A helpful guide for what to look for when shopping for an amplifier.

When you’re shopping for amplifiers of any kind, one of the key features you’re probably looking at is the rated wattage it can put out. In this post we’ll go over some of the ways certain manufacturers fudge these numbers and what to look out for so you can be more sure you’re getting what you think you are.

First, let’s look at how power ratings are supposed to be calculated so that the ways people sometimes fudge the numbers will make more sense.

In 1974 the FTC mandated some guidelines for amplifier manufacturers. In a nutshell, the amp’s rated power had to be given with these things in mind:

  • The power rating should be displayed in terms of RMS, the power the amp can sustain for a prolonged period of time (and not simply short bursts), generally a sustained note played at 1KHz frequency.
  • “Sustained power” must be an amount the amp can hold for at least 5 minutes straight.
  • The RMS power rating must be something the amplifier can sustain with all channels driven. If it’s a 2-channel amp, it means both L/R channels driven at that power simultaneously. (Though it gets a little weird when talking about A/V receivers with 5-7 channels.)

An example of a power spec given for an amplifier that stands a good chance of being legit might be written like: “100 watts RMS per channel, both channels driven, <0.05% THD.”

That would tell you that the amp can properly generate 100 watts in a sustained manner to 2 channels simultaneously, and generates less than 0.1% total harmonic distortion while doing it. That’s promising for a stereo amplifier.

Things to look for in amplifier specs that might be suspect:

If the power given isn’t specifically stated as RMS. This is a big one, because it’s possible in a testing environment in unrealistically ideal conditions for an amplifier to read at a significantly higher power level than would be typical for music or movies. For instance, a 50W amp might be able to spike at 300W in certain conditions, but that wouldn’t be typical or something you should count on, and would be very misleading for the manufacturer to say it was a 300W amp.

Of course seeing “RMS” next to a power rating isn’t a guarantee it’s legit, but if the manufacturer is willing to make that claim there’s a higher chance it’s true. (Otherwise it’s a blatant lie, and they know that.)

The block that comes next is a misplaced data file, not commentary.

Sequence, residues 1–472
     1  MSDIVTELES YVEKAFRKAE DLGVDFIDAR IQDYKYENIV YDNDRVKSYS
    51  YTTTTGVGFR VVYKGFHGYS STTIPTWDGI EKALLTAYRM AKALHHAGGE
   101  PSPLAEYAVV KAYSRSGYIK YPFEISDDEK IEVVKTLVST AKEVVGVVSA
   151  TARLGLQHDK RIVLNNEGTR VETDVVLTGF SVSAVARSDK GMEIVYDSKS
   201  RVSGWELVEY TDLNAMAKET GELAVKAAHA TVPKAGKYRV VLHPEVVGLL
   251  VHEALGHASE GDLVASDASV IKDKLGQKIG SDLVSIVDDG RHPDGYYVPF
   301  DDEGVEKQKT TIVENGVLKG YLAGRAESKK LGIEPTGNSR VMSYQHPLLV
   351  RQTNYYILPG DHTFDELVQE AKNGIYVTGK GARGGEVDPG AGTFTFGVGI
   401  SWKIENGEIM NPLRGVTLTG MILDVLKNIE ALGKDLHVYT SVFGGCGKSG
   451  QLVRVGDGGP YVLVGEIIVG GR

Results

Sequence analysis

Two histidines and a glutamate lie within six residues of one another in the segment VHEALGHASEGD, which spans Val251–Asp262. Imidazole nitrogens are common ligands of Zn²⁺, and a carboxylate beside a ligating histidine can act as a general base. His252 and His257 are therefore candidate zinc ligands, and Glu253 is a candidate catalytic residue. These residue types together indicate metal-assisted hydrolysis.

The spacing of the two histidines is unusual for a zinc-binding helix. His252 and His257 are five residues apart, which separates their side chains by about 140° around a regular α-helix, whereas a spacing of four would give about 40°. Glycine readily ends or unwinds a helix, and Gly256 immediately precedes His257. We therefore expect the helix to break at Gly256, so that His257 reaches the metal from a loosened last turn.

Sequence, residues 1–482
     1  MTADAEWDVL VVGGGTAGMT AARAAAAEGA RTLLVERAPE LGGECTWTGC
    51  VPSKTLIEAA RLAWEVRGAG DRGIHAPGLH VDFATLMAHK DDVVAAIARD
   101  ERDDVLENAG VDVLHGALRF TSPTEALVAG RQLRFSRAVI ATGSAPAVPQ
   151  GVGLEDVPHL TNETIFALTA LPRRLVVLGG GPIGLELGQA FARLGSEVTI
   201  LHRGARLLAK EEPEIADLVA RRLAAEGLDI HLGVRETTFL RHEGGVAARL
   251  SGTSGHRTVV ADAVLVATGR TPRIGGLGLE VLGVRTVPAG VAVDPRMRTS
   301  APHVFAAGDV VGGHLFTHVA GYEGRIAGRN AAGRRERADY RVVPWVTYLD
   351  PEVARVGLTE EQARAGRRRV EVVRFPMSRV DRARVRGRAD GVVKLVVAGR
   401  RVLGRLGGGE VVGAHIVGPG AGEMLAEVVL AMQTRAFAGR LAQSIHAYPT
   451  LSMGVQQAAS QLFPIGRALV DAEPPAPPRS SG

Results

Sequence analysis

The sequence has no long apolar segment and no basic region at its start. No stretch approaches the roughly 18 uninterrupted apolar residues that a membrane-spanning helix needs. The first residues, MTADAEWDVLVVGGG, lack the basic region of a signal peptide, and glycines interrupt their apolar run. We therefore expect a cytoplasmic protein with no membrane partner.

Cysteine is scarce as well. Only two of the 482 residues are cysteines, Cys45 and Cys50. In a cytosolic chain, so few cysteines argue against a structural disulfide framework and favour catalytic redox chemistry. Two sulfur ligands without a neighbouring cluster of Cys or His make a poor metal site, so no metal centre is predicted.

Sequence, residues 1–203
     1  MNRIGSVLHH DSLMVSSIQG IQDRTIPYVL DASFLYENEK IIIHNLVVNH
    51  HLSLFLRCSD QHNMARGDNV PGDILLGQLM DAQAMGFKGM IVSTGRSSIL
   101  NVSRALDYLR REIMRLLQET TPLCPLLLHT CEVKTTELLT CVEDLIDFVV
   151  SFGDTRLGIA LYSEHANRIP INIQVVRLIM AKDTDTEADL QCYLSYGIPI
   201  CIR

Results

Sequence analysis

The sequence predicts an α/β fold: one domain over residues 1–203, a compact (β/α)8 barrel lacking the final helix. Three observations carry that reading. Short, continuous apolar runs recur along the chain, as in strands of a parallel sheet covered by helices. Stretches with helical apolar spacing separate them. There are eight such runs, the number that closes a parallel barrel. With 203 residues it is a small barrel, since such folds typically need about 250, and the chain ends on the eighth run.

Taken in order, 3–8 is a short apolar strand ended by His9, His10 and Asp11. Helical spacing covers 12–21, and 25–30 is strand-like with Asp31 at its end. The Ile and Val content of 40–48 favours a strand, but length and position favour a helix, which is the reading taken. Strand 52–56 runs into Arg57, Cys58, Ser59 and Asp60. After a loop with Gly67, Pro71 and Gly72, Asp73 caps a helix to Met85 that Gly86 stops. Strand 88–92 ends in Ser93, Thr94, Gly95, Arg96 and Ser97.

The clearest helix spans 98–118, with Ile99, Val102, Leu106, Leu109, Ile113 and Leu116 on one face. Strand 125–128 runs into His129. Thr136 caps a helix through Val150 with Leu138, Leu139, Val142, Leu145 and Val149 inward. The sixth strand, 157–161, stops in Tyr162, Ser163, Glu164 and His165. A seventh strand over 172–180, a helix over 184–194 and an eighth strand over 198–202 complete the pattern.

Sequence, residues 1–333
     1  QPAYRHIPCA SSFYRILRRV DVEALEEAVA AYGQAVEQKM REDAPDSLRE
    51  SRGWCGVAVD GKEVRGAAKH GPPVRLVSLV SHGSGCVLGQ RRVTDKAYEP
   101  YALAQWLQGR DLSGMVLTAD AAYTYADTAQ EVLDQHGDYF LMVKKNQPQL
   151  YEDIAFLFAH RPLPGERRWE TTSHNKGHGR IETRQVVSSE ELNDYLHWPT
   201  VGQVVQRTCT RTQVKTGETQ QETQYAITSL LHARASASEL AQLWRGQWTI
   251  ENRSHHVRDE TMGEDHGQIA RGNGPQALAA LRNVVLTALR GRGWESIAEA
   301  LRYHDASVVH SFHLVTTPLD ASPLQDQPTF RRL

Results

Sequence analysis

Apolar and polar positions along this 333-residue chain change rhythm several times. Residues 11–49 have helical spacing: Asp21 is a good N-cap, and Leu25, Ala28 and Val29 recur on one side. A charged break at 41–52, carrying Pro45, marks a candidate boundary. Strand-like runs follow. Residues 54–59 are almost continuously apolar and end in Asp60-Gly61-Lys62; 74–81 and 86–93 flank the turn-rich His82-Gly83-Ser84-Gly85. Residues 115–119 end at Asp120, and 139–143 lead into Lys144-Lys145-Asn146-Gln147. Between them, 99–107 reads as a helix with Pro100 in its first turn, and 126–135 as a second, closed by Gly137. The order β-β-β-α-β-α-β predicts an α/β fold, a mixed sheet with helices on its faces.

If the THD isn’t explicitly expressed alongside the maximum RMS power rating. One example of this I’ve seen is where an amp company said “300W amplifier, with a THD lower than 1%.” At a glance that sounds good, but the fine print made it clear their 1% THD measurement was at 1W, and the amp actually generated closer to 10% THD when fully driven.

Whoa, that’s a big difference!

But notice they didn’t say, “Capable of 300W RMS with less than 1% distortion.” They gave a power rating, and then made a separate and disconnected claim about THD.

When they don’t state the power is with all channels driven. Like I mentioned above, it’s easier for an amp to put 100W into only one of multiple channels for heat reasons etc., but that wouldn’t necessarily mean the amp could properly push that power to all of its channels at once.

When the “peak” power rating is substantially higher than the RMS rating. Generally you should only pay attention to the RMS power anyway to avoid clipping and damaging your speakers. While an extra 50%-100% might make sense for a “peak” power rating, ratings that go way above that are likely hyping the numbers to sell products.

For instance, a 200W RMS amp with 350W peak power makes sense. But a 200W RMS amp with 1000W peak power is probably BS, and they are likely using the 1000W part to get buyers excited.

Look at fuse ratings or the amp’s power supply to ensure it jives with stated power output.

An amplifier cannot output more power to speakers than it’s taking in through the car battery or AC wall outlet. Also, note that all amps have varying efficiency ratings given which class they are. Class A/B amps tend to be 50-60% efficient, for instance, and Class D amps are closer to 80-85% efficient typically.

60% efficiency would mean that of the total power the amp pulls from an AC outlet (or battery), 60% of that is directed at the speakers. The rest is dissipated as heat. So if it’s sending 300W to the speakers, it would mean that amp is actually drawing 40% more to do that, or 420W.

Here’s where that comes into play.

One example I’ve seen where looking at power supply specs revealed how much an amplifier’s numbers were fudged is when it stated info like this:

  • Class D 300W amplifier
  • Power supply: 32V @ 5 amps

Wattage is a calculation of voltage x amperage. With the above specs, it means this amp is actually pulling in 160W (32×5). Since a Class D amp typically has an efficiency rating of 80%, that would mean its actual RMS capability would likely be more like 128W.

How is a sustained 300W possible if the power supply is only capable of roughly half that in the first place?

There’s a similar philosophy at play with an amplifier’s fuse rating.

The fuse in any electrical circuit is meant to stop the flow of power if the current goes over a safe level, given the application. Obviously the intention then is that the amplifier should never actually draw that much current in real usage.

One example of this gone awry is an amp claiming to be 1000W RMS, but also stating its fuse was intended for 110V @ 5 amps. 110V makes sense since it’s your typical AC outlet, but since wattage is volts x amperage, that would mean we can’t safely exceed 550W without blowing that fuse.

How is that amp supposed to put out 1000W?

Technically you *can* run more power than a fuse is rated for through it for a second or two without blowing it, so theoretically you might be able to draw 1000W for a couple seconds. But it also wouldn’t be true RMS power then since sustaining that power would blow the fuse.